Here’s proof that social and business networking was thriving, way before the advent of computers and the Internet. Complex banners were a way of bringing companies together to advertise their wares, and we’ve just found some rare examples dating back to Victorian times.
With a history of 175 years behind Flagmakers, it never ceases to amaze us how many artefacts from our past are still out there waiting to be uncovered. Because we are still here, more and more people are finding us online and contacting us. Although our modern trading name is Flagmakers, we were originally known as George Tutill Ltd. You can find lots of information about our history and George himself online at http://www.flags-tutill.co.uk.
Many of our oldest records were destroyed when our premises at 83 City Road in London were destroyed by the Luftwaffe during the Blitz in the Second World War. We moved to our current premises in Chesham over 80 years ago and re-established the business. So we often simply don’t know the full history of items when they are sent to us.
Two recent discoveries are ceremonial sashes for The Oddfellows and a ceremonial banner for the Ancient Order of Foresters. These two separate artefacts have lain un-discovered for many years.
The sashes are made from silk which would most likely have been woven on our own looms and then the badge, which is hand made with incredibly intricate wire work, would have been added. The large banner is of late 19th Century origin. This kind of banner was very popular with friendly societies, which were the social and welfare services of their day. Many working people joined the societies as a way of providing social outlets. They also offered assistance to individuals in cases of hard times, well before the state started to provide such support.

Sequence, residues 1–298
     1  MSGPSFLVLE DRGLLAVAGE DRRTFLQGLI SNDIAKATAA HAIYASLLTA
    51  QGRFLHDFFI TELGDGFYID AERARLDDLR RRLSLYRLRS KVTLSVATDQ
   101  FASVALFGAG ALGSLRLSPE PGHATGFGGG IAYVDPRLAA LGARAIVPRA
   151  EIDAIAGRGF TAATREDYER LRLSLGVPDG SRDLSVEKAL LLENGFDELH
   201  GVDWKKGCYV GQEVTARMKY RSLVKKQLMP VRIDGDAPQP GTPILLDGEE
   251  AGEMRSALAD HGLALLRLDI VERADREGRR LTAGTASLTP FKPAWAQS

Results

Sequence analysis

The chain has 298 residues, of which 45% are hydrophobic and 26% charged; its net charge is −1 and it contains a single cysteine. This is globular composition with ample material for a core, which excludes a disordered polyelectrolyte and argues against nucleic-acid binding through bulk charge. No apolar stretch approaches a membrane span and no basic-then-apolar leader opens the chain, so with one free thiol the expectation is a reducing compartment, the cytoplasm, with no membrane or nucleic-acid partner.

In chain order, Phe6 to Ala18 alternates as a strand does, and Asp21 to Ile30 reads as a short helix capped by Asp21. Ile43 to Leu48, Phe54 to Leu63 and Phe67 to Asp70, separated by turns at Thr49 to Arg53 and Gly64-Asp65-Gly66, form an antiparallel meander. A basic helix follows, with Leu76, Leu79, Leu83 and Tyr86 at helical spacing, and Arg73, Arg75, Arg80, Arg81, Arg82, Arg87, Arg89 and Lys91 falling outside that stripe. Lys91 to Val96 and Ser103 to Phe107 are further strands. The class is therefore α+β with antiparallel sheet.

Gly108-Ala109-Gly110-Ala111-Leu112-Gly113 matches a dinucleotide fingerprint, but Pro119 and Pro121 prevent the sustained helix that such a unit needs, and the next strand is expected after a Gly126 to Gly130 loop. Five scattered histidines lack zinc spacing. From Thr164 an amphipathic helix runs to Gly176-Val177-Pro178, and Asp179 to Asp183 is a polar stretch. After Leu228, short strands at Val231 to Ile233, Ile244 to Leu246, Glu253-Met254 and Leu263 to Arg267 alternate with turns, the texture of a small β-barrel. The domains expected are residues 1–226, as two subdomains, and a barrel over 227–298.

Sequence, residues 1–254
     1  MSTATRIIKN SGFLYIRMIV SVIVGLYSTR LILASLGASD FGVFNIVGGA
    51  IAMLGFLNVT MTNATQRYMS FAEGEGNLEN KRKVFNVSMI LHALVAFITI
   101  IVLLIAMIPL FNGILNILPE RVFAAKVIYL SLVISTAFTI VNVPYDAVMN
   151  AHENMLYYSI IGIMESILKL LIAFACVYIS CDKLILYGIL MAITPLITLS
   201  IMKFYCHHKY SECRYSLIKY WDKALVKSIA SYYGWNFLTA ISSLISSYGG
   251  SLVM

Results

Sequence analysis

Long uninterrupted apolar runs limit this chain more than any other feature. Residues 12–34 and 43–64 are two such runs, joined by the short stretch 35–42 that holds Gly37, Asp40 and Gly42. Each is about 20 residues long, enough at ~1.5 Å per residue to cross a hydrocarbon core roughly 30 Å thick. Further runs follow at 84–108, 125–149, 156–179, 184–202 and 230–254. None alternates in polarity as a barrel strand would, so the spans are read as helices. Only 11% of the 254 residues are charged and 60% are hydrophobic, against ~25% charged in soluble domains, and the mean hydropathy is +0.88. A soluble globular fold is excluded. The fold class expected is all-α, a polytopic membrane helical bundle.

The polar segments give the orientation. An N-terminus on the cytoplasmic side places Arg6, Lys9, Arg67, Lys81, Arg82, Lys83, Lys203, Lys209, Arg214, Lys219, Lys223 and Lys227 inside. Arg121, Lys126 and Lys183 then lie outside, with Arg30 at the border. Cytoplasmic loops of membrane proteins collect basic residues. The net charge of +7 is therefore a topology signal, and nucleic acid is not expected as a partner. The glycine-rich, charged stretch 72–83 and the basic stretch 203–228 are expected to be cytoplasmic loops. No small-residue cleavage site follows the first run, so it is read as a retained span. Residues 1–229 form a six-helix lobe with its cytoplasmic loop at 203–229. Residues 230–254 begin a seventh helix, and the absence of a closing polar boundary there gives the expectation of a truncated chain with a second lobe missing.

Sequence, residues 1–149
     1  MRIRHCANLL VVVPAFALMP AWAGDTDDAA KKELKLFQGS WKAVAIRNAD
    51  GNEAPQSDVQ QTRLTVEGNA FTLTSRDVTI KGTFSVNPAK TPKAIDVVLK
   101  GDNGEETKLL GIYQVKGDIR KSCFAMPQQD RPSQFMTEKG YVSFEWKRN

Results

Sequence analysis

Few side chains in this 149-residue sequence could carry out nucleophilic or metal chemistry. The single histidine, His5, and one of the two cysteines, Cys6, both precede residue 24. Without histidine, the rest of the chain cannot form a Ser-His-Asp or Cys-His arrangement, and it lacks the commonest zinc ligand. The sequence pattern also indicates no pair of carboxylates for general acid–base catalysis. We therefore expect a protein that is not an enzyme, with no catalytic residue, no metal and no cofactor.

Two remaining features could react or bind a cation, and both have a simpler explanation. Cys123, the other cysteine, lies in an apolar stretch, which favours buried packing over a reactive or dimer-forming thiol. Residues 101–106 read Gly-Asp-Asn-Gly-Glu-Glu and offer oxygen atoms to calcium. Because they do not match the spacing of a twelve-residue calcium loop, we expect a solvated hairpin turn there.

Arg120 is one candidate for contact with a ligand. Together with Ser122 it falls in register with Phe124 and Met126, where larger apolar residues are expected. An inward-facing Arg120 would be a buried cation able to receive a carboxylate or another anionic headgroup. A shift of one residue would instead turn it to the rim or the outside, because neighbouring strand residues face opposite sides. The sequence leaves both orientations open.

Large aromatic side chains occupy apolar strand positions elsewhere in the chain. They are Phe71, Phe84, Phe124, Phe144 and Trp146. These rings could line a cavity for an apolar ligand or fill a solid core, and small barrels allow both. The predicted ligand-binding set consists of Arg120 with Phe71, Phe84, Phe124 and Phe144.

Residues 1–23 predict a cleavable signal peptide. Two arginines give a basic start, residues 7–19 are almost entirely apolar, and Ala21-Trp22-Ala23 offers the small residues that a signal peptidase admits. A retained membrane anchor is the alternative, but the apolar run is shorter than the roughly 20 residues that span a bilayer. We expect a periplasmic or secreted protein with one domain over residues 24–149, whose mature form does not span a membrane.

The banners were works of art but George Tutill, the founder of our business, was one of the first to develop mass production techniques for the products. He produced standard decorative patterns around the edge of each design and then completed the centre panel separately as the orders came in. They were exported all around the world, mainly to the British Empire and they continue to be unearthed in the most far-flung places.
These enormous banners were paraded on public holidays and marches and would have needed at least six men carrying them and holding the stay cords to stop them blowing off down the street on a windy day. Indeed, there are records of banners being destroyed by bad weather during such marches.
This banner was discovered together with a large hand painted advertising banner. We think that it probably dates from the 1930’s. It was found in a social club in Southampton and displays adverts for many local businesses and two notable brands that we still recognise today, the RSPCA and Watneys, a leading brewing business in London that was at its peak in the 1930s.
We told John Grounds, RSPCA Director of Campaigns, about our discovery, and he said, “This is a timely reminder of the simple message that underlies all the work of the RSPCA – that we are there to help the animals, and birds that cannot help themselves. And interesting that our advert is right under one for an alcoholic beverage, as the links between drunkenness and cruelty towards our fellow creatures are so well established.”
He added, “Congratulations on finding this banner which reminds all of us that before the advent of computers and mobile phones there were few opportunities, except on banners at parades, to get our message across.”
Today, banner manufacturing remains at the core of our business and our current artist, Carole Niven, has made a detailed study of the techniques used in the original George Tutill banners, enabling us to re-create and restore these 19th Century masterpieces.